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Page last updated
February 15, 2003

 

 

IBackground to CLS

www.mpct.com

Ever since the ignominious collapse of Bankhaus Herstatt in 1974, bankers and regulators have been worried about the risk associated with settling foreign exchange deals. Subsequent bank closures, including BCCI in 1991 and Barings in 1995, have exacerbated the concern. In 1996 the Bank for International Settlements published its report entitled 'Settlement Risk in Foreign Exchange Transactions' which set out clearly the nature of the risk - in particular noting that the exposure lasted from the time a payment instruction for the currency sold can no longer be cancelled unilaterally, until the time the currency purchased is received with finality.

The CLS initiative follows directly from the recommendations of that report. CLS stands for 'continuous linked settlement' and, put simply, is a means to eliminate the time delay between the two legs of the transaction by enabling both to settle simultaneously.

CLS has received substantial investment from over 60 of the world's largest Foreign Exchange trading banks and, with strong support from banking supervisors, it's already on line for full operational testing. If all goes well, it will go fully 'live' in October 2000.

Far Reaching Consequences
So is CLS just another form of settlement procedure? Far from it! CLS has far reaching consequences, it will greatly change risk profiles, foreign exchange trading patterns and correspondent banking relationships. Instead of the thousands of payment transactions taking place daily as a result of today's bilateral foreign exchange deals struck between counterparties, the CLS Bank will itself become the counterparty, and organise the scheduling of payments in and out according to a strict daily timetable. This will have a huge impact on payment processing (especially timing) and liquidity.

CLS presents business opportunities and threats to banks of all shapes and sizes. The larger banks that have chosen to become settlement members have realised that they need to undertake major systems and re-engineering projects to capitalise on the new opportunities afforded by CLS. The effort has to be focused in three areas:

n Reorganising the business day around the CLS daily timetable

n Building service capability to pass on the benefit of a low-risk settlement service to branches, subsidiaries, user members and third parties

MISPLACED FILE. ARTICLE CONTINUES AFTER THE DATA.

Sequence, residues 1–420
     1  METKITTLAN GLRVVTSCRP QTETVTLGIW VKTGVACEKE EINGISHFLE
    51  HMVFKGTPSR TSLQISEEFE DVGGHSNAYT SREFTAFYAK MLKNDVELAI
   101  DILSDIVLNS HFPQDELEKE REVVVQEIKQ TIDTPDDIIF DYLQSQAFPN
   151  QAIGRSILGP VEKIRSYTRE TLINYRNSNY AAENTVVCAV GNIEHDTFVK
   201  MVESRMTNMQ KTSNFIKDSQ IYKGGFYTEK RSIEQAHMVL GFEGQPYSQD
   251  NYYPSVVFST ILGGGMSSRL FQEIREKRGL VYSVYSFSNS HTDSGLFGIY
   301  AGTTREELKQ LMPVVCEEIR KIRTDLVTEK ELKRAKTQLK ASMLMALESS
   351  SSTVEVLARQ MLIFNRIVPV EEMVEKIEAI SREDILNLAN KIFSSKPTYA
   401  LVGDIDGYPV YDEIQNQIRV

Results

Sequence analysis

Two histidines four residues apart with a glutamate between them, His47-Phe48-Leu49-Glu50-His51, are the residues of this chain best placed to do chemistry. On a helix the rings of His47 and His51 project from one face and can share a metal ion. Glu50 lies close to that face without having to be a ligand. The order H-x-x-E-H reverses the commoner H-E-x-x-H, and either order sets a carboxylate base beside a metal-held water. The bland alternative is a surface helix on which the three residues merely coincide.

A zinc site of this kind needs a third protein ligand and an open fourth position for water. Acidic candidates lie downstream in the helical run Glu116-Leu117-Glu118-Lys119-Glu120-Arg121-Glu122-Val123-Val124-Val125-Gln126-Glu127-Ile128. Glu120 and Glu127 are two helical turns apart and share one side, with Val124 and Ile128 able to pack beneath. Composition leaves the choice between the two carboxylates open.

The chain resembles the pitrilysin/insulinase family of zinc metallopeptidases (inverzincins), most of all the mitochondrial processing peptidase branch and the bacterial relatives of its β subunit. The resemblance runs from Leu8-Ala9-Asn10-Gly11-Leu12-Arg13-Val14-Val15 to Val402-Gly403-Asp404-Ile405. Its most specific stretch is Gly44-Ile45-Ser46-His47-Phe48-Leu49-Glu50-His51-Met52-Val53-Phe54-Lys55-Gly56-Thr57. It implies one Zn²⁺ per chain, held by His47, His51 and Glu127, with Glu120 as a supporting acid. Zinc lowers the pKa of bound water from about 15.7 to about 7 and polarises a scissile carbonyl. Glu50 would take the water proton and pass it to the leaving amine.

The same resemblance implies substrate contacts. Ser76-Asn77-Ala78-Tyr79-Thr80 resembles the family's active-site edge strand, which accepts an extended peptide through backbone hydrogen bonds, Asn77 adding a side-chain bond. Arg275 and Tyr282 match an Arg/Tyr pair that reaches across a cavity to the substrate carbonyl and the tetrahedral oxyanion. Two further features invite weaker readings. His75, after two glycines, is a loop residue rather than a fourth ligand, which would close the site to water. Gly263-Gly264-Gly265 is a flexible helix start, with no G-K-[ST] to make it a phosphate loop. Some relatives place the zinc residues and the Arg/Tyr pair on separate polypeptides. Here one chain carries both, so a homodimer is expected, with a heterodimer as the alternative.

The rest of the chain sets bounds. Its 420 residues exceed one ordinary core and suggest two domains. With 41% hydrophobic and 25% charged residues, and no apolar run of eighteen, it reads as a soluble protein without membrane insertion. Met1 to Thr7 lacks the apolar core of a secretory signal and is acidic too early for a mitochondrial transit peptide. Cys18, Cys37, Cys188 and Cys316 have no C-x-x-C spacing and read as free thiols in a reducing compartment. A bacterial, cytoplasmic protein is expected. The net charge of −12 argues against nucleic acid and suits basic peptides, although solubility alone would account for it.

n New tools for liquidity management

This has to be achieved at the same time as most banks have ordered 'freezes' in their systems environments until the risk ass- ociated with the Y2K bug has safely passed into history.

The Urgency
The timetable for the introduction of CLS is, however, relentless. Banks that wait until 2000 to begin their system changes will, quite simply, miss the boat. Several banks begin operational trials in March 2000 and the system is expected to be operating fully 'live' in October.

With the arrival of the euro in January 1999, and the new millennium in January 2000, most banks might have preferred some time to recover from the exacting pace of system changes. But the banks who have identified the competitive opportunities offered by CLS are keen to press ahead without delay. These include several of the global banks which mpct Solutions a company at the forefront in development of CLS solutions counts among its customers. They became involved in the CLS initiative for three reasons. First, the list of their customer banks includes many of the leading players who are likely to be participants from day one. Secondly, most of their key people are former bankers who understand what CLS means to the community, how it impacts processes, workflows and organisational structures and what system functionality is needed, to allow full participation in the new service. Thirdly, their team of business architects broke those functionality requirements down into familiar components such as position management and payment scheduling, and found a good fit with the existing ATLAS architecture already deployed in several global banks.

In May 1999 mpct Solutions announced the CLS Server a new solution to be built on the foundation of the ATLAS architecture. A key design criterion, however, was to develop a system that would fit rapidly into a bank's existing processing environment and operate largely as a 'black box', whilst fully integrating into the bank's process flow. To facilitate this, each bank planning to install CLS Server is provided with a '3I Study'. The 3 'I's are

n Impact - the effect on the bank's existing infrastructure

n Integration - the required interfaces between the existing infrastructure and the CLS Server

n Implementation - the plan and timeline for the implementation project

Amongst other things, the study identifies the key success factors for new system. These typically include:

n Transaction volume growth

n Risk management improvements

n Management information improvements

n Error reduction

n Product diversification

n Project risk reduction

Other vendors, especially middleware suppliers, are offering CLS capabilities, but in terms of functionality, readiness and ease of implementation, mpct Solutions is way ahead of the pack. CLS Server is a stand-alone CLS settlement processor specifically designed to minimise the changes that the new settlement process would otherwise impose on a bankÕs legacy systems. CLS server brings banks the opportunity to capitalise quickly on the risk reduction and commercial opportunities that CLS affords. It fully supports the needs of the bankÕs own global treasury as well as the processing needed to service branches, subsidiaries and other banks.

John Sherlock
MPCT Solutions

 


Settlement Risk
Background  to CLS
Custodians
Complex?
Worth having waited
Global FX
Radical change
3rd Party customers
The Future

 

 
 

 

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